(16 July 1931 – 14 February 1996) was a writer and artist’s muse, and the eldest child of the 4th Marquess of Dufferin and Ava and the brewery heiress Maureen Guinness.

A well-known figure in the literary world through her journalism and her novels, Caroline Blackwood was equally well known for her high-profile marriages, first to the artist Lucian Freud, then to the composer Israel Citkowitz and finally to the poet Robert Lowell, who described her as “a mermaid who dines upon the bones of her winded lovers.” Her novels are known for their wit and intelligence, and one in particular is scathingly autobiographical in describing her unhappy childhood.

Text from Wikipedia

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Daniel Farson
Nina Hamnett
1952
Silver gelatin photograph
© Michael Parkin / National Portrait Gallery, London

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Nina Hamnett (14 February 1890 – 16 December 1956) was a Welsh artist and writer, and an expert on sailors’ chanteys, who became known as the Queen of Bohemia.

Flamboyantly unconventional, and openly bisexual, Nina Hamnett once danced nude on a Montparnasse café table just for the “hell of it”. She drank heavily, was sexually promiscuous, and kept numerous lovers and close associations within the artistic community. Very quickly, she became a well-known bohemian personality throughout Paris and modeled for many artists. Her reputation soon reached back to London, where for a time, she went to work making or decorating fabrics, clothes, murals, furniture, and rugs at the Omega Workshops, which was directed by Roger Fry, Vanessa Bell, and Duncan Grant.

Her artistic creations were widely exhibited during World War I including at the Royal Academy in London as well as the Salon d’Automne in Paris. Back in England, she taught at the Westminster Technical Institute from 1917 to 1918. After divorcing Kristian, she took up with another free spirit, composer E. J. Moeran. From the mid 1920s until the end of World War II, the area known as Fitzrovia was London’s main Bohemian artistic centre. The place took its name from the popular Fitzroy Tavern on the corner of Charlotte and Windmill Streets that formed the area’s centre. Home of the café life in Fitzrovia, it was Nina Hamnett’s favourite hangout as well as that of her friend from her home town, Augustus John, and later another Welshman, the poet Dylan Thomas.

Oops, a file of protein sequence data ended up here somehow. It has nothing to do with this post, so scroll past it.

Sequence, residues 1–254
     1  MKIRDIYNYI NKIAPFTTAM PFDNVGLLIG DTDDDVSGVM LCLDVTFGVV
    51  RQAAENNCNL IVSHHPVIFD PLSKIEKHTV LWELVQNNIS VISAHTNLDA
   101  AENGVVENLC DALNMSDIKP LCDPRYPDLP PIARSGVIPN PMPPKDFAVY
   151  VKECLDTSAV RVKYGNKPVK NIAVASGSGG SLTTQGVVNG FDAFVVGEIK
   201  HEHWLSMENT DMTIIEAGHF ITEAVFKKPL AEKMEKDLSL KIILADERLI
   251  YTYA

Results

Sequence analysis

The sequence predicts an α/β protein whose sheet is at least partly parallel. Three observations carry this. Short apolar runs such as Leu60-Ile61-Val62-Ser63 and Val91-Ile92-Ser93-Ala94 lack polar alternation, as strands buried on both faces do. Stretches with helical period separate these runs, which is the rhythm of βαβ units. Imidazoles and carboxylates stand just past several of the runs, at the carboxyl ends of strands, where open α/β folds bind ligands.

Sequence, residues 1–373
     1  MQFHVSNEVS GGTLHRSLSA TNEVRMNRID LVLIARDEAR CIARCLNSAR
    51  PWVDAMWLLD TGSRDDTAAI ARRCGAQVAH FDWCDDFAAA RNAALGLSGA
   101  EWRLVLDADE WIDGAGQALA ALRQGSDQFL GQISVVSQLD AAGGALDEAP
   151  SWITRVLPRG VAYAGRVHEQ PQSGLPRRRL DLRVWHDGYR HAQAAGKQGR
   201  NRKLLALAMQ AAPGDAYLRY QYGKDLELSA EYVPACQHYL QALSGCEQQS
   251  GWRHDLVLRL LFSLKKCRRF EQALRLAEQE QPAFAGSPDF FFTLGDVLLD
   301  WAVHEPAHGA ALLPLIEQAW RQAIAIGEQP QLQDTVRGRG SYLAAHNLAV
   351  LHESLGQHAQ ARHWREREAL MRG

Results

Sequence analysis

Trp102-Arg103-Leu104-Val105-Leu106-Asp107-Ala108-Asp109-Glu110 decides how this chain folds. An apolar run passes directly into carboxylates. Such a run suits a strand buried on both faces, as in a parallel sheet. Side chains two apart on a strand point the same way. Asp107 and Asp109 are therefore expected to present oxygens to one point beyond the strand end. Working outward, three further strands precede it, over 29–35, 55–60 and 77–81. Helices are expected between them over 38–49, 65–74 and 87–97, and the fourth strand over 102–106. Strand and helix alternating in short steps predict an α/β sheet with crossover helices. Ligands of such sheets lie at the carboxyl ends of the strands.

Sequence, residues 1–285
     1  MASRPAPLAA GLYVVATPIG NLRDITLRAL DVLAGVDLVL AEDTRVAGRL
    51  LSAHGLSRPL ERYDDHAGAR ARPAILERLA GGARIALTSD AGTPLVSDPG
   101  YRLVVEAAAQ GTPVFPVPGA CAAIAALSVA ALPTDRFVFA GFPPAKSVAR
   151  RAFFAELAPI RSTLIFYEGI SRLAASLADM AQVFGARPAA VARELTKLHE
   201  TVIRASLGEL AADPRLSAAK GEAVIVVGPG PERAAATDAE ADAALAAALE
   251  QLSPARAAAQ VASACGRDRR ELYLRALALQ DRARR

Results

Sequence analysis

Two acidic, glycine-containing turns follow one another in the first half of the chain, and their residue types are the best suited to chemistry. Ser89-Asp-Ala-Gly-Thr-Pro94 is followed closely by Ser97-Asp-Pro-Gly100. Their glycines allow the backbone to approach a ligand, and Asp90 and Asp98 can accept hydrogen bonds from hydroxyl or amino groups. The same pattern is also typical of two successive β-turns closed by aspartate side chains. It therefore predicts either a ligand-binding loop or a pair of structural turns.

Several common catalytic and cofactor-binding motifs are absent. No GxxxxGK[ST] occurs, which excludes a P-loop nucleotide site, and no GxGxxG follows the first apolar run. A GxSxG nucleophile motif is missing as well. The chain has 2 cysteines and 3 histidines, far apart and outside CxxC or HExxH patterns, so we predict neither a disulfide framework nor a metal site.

In 1932 Hamnett published Laughing Torso, a tale of her bohemian life, which became a bestseller in the United Kingdom and United States. The notorious occultist Aleister Crowley unsuccessfully sued her and the publisher for libel over allegations of Black Magic made in her book. Although she won the case, the situation profoundly affected her for the remainder of her life. Alcoholism would soon overtake her many talents and the tragic Queen of the Fitzroy spent a good part of the last few decades of her life at the bar, (usually that of the Fitzroy Tavern in Fitzrovia), trading anecdotes for drinks.

Nina Hamnett died in 1956 from complications after falling out her apartment window and being impaled on the fence forty feet below. The great debate has always been whether or not it was a suicide attempt or merely a drunken accident. Her last words were, “Why don’t they let me die?”

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Daniel Farson
Lucian Freud and Brendan Behan
1952
Silver gelatin photograph
© Estate of Daniel Farson

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Lucian Michael Freud (8 December 1922 – 20 July 2011) was a German-born British painter. Known chiefly for his thickly impastoed portrait and figure paintings, he was widely considered the pre-eminent British artist of his time. His works are noted for their psychological penetration, and for their often discomforting examination of the relationship between artist and model.

From the 1950s, he began to work in portraiture, often nudes (though his first full length nude was not painted until 1966), to the almost complete exclusion of everything else, and by the middle of the decade developed a much more free style using large hogs-hair brushes, with an intense concentration of the texture and colour of flesh, and much thicker paint, including impasto. With this technique, he would often clean his brush after each stroke when painting flesh, so that the colour remained constantly variable. He also started to paint standing up, which continued until old age, when he switched to a high chair. The colours of non-flesh areas in these paintings are typically muted, while the flesh becomes increasingly highly and variably coloured. By about 1960, Freud had established the style that he would use, with some changes, for the rest of his career. The portraits in the new style often used an over life-size scale from the start, but were mostly relatively small heads or half-lengths. Later portraits were often very much larger, and appealed to galleries and collectors. In his late career he often followed a portrait by producing an etching of the subject in a different pose, drawing directly onto the plate, with the sitter in his view.[17]